What could she do? What should she do? The more she thought of it the more unendurable her position appeared. In her vivid self-consciousness the old relations could not continue. Heretofore his caresses had been a matter of course, of habit. They could be so no longer. She shrank from them with inexpressible fear, knowing they would bring what little blood she possessed to her face and very brow in tell-tale floods. The one event from which her sensitive womanhood drew back in deepest dread was his knowledge of her love. To prevent this she would rather die, and she felt so weak and despairing that she thought and almost hoped she would die. If she could only go away, where she would not see him, and hide her wound! But how could she, chained near his daily presence by weakness and helplessness?

Thus through the long night her despairing thoughts went to and fro, and found no rest. Miss Wildmere's cold glance met her everywhere with the assurance that such a creature as she could never be anything to him, and, alas! his own words confirmed the verdict. Love that gives all demands all, and such pitiful affection as he now gave was only a mockery. The morning found her too weak to leave her room, and for the few following days she made illness her excuse for remaining in seclusion. As Graydon looked ruefully at her vacant chair the fourth evening after the company, Mrs. Muir remarked, reproachfully, "I hope you now realize how delicate Madge is. You never should have coaxed her to go to that party."

He was filled with compunction, and brought her flowers, boxes of candy, books, and everything which he imagined would amuse her. At the same time he was growing a little impatient and provoked. He knew that he had taken her from the kindest motives. Now that she gave up utterly to her invalidism, he was inclined to question its necessity. He found that he missed her more than he would have imagined, and his brief hours at home were dreary by reason of her seclusion.

"Why don't you call in a first-class physician and put Madge under a thorough course of treatment?" he asked, irritably. "She has no disease now that I know anything about, and I don't believe it's necessary that she should remain so weak and lackadaisical."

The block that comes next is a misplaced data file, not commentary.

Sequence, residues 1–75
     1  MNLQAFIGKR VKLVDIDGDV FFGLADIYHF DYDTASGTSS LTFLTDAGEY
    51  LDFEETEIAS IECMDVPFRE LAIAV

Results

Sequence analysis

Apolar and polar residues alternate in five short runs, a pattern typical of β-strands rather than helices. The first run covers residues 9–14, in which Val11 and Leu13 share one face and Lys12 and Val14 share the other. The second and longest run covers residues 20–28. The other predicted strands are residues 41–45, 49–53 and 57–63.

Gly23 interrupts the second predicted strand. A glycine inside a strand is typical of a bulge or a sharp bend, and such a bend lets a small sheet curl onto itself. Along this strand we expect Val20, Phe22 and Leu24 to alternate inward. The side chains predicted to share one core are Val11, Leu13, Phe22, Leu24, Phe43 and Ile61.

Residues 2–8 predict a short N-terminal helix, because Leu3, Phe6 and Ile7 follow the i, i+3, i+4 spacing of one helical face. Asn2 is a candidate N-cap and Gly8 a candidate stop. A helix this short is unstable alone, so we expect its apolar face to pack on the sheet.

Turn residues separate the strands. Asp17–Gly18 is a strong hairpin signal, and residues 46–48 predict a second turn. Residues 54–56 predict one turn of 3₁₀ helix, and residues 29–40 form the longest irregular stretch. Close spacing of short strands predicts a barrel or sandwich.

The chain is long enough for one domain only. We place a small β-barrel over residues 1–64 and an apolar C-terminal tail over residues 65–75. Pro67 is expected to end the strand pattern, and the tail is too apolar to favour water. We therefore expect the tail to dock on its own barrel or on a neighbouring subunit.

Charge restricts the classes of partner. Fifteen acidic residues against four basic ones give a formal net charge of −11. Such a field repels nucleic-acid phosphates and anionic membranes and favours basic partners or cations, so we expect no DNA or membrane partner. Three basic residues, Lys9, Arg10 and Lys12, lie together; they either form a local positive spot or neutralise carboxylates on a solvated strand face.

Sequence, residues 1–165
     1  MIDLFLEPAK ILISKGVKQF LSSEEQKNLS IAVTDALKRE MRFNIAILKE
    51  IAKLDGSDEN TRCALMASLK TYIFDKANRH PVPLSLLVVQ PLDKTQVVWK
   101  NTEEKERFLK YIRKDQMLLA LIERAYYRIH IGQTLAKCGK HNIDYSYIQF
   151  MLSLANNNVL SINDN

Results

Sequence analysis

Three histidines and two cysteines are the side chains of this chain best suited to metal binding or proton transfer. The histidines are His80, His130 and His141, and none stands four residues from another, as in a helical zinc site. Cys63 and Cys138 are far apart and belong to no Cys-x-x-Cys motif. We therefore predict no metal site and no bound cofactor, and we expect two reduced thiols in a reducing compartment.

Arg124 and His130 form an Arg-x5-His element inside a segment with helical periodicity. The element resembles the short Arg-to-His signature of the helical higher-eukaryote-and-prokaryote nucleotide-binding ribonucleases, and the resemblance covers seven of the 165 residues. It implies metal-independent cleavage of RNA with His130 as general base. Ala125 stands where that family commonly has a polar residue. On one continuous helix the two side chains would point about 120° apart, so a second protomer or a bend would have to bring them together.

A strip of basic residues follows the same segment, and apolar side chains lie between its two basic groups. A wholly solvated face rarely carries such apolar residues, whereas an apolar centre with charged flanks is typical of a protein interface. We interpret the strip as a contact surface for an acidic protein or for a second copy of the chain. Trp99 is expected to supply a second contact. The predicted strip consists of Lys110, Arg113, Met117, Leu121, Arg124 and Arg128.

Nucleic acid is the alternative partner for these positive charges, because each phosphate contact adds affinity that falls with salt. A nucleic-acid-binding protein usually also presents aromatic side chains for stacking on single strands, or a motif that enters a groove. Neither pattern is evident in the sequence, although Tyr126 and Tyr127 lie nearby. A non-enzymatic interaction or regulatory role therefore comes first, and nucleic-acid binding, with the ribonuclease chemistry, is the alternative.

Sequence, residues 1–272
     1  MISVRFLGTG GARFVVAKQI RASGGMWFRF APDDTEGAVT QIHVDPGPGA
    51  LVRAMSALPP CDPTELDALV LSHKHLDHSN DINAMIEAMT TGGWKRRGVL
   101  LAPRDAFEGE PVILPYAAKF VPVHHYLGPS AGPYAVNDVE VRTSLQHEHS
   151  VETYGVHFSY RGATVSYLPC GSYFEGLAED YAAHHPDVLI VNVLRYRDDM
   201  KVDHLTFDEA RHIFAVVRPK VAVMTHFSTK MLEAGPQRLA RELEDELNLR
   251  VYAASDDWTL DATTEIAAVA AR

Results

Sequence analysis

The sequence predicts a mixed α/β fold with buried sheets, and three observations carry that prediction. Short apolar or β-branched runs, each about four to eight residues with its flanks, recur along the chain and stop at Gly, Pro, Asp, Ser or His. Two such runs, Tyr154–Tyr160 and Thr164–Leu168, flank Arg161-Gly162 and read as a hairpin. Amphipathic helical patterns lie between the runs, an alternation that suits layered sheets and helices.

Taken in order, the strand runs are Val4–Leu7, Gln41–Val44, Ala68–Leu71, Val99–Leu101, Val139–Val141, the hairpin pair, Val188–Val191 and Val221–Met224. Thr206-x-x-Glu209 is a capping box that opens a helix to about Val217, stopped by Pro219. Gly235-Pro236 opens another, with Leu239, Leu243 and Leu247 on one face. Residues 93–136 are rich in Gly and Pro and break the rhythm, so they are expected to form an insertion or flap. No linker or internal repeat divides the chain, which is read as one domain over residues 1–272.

"We did have our doctor call often, and he said she would outgrow her troubles if she would take plenty of fresh of fresh air and exercise. And now she positively refuses to see a physician."

"I wouldn't humor a sick girl's fancies. She needs tonics and a general building up. With your permission I'll stop on my way downtown to-morrow and tell Dr. Anderson to call."

Mrs. Muir repeated the conversation to her sister, with the literalness of which only unimaginative women are capable. Madge turned her face to the wall, and said, coldly and decisively, "I refuse to see a physician. I am no longer a child, and my wishes must be respected." After a moment she added, apologetically: "A doctor could do me no good. I shall soon be stronger. You understand me better than Dr. Anderson can. You are the best and kindest nurse that ever breathed, and I've had enough of doctors. I'll take anything you give me."

These politic words appealed to Mrs. Muir's weak point. Nothing pleased her better than to believe that she could act the part of physician in the family, and prescribing for Madge was a source of unflagging interest. When she informed Graydon of their decision in the morning, he muttered something not very complimentary to either of the ladies; but his good-nature prevailed, and instead of the doctor he ordered a superb bouquet of Jacqueminot roses.

Meanwhile events were taking place of which Madge had no knowledge, but which would favor the plan slowly maturing in her mind. Mr. Muir's business affairs had been taking a turn which made it probable that he would soon have to send his brother abroad. As long as there was uncertainty the reticent man said nothing, but at last he received advices which brought him to a prompt decision, and Graydon was told that he must go at once. The young fellow submitted with fairly good grace. A brief foreign residence had its attractions, but it interfered with his incipient suit to Miss Wildmere. He felt that he had not gone far enough for a definite proposal, but he showed, during the brief call that his time permitted, an interest which the young lady well understood. Since he was to be absent for an indefinite period, and would have no chance to observe her other little affairs, she permitted herself to be gracious and regretful up to the point of inspiring much hope for the future. With a nicety of tact—the result of experience—she confirmed his view that they had made favorable impressions on each other, and that for the present they must be content with this.